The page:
Let your eyes look straight ahead, and your eyelids look right before you. Ponder the path of your feet, and let all your ways be established. Do not turn to the right or the left, remove your foot from evil. (Proverbs 4:25-27) NKJV
Like the Character, Christian, standing at the edge of the Valley of The Shadow of Death in John Bunyan’s A Pilgrim’s Progress, we are well served by contemplating where the paths we choose are leading us. Prudence, a companion of wisdom, directs us to ponder the outcomes of our choices by comparing each to its alternatives. Just as a sculptor, at first, carefully examines his block of stone and imagines a finished work in it, while planning several steps ahead of his next hammer blow, we should thoughtfully consider the finished work of our choices. Many roads may look the same but do not lead us to a desirable destination; some paths seem right but only lead to death. Edmund Burke, one of Christianity’s greatest statesman , was right, prudence ranks very high among the virtues.
By carefully considering where our decisions will lead us, before we start, we have the advantage of choosing our destinations and mapping our courses before we become preoccupied with the urgency of the present, so we will have the best opportunities to arrive at optimal ends. Christians often think in terms of abstract ideas, but prudence has real world implications. Before we commit to signing a contract, taking a trip, or building anything, we are best served by having clear expectations of where we intend to be at the end of the day, week, quarter, year, decade, or life. This should not always be overly complicated or lead to paralysis by analysis by perfectionism getting in the way. A sailor sets his sails, a hunter shoots his arrows, and a farmer plants his seed only after carefully considering the destination, target, and seasons, yet each requires action if he is to be called a sailor, hunter, or farmer. Responsible men count the cost before building a tower, fighting a war, or becoming a disciple (Luke 14:27-33). Becoming independently strong and responsible sons, husbands, and fathers does not come about by accident. We become mature men on purpose and not by chance.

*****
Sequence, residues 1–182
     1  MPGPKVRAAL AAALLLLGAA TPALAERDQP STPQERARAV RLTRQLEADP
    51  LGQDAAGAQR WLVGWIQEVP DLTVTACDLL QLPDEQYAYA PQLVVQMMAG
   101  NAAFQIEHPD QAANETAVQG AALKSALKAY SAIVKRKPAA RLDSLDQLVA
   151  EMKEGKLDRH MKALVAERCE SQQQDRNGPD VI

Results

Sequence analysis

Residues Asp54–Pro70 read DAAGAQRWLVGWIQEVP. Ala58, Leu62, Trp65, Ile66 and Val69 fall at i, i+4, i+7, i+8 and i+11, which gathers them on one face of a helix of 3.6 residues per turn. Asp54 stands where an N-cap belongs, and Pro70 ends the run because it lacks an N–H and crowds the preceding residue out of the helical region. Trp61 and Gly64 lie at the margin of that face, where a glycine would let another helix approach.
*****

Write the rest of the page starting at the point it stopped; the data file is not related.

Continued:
Prudence touches on something profoundly personal, for no one else can see through your eyes, walk with your feet, or establish your ways for you. Parents, caregivers, teachers, and others can help, but it is on each of us to individually choose where we are going and how to get there. God gives us choices. If not, there would be no need for scripture, and we would all be like robots. We get to choose our destinations and plan, execute, evaluate, and make course corrections along the way to get there. No one else can be the chief executive of your life or has your personality, experiences, competencies, and domain to work with.
When we pray, read scripture, and practice Kingdom living, we can avoid false starts, wrong turns, and ending up in places of regret. Some expected outcomes we ponder can be easily measured, but many cannot. We can set measurable expectations for ourselves in areas of finance, health, and some relationships, but we can’t control all variables just as no sailor can control the wind, hunter the game, or farmer the seasons. Despite unknowns, we should still set our sails, fill our quivers with arrows, and tend to our fields, for prudent pondering is an ongoing choice to live on purpose with Jesus as our example and guide (1 Peter 2:21).
– Richard Harwood from The Guild